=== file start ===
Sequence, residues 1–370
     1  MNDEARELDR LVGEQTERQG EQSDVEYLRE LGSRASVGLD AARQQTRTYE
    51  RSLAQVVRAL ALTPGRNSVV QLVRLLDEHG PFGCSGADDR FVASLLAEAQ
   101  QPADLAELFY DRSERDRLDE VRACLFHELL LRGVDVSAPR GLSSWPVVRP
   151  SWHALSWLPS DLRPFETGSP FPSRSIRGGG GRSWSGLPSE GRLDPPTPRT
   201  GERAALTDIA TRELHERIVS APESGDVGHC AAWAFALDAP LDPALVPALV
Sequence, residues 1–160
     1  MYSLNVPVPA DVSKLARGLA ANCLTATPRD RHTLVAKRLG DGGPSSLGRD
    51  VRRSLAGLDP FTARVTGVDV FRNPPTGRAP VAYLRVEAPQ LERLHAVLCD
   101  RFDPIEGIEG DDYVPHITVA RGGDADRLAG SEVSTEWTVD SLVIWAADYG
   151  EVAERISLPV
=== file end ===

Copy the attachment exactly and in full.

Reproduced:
Sequence, residues 1–370
     1  MNDEARELDR LVGEQTERQG EQSDVEYLRE LGSRASVGLD AARQQTRTYE
    51  RSLAQVVRAL ALTPGRNSVV QLVRLLDEHG PFGCSGADDR FVASLLAEAQ
   101  QPADLAELFY DRSERDRLDE VRACLFHELL LRGVDVSAPR GLSSWPVVRP
   151  SWHALSWLPS DLRPFETGSP FPSRSIRGGG GRSWSGLPSE GRLDPPTPRT
   201  GERAALTDIA TRELHERIVS APESGDVGHC AAWAFALDAP LDPALVPALV
Sequence, residues 1–160
     1  MYSLNVPVPA DVSKLARGLA ANCLTATPRD RHTLVAKRLG DGGPSSLGRD
    51  VRRSLAGLDP FTARVTGVDV FRNPPTGRAP VAYLRVEAPQ LERLHAVLCD
   101  RFDPIEGIEG DDYVPHITVA RGGDADRLAG SEVSTEWTVD SLVIWAADYG
   151  EVAERISLPV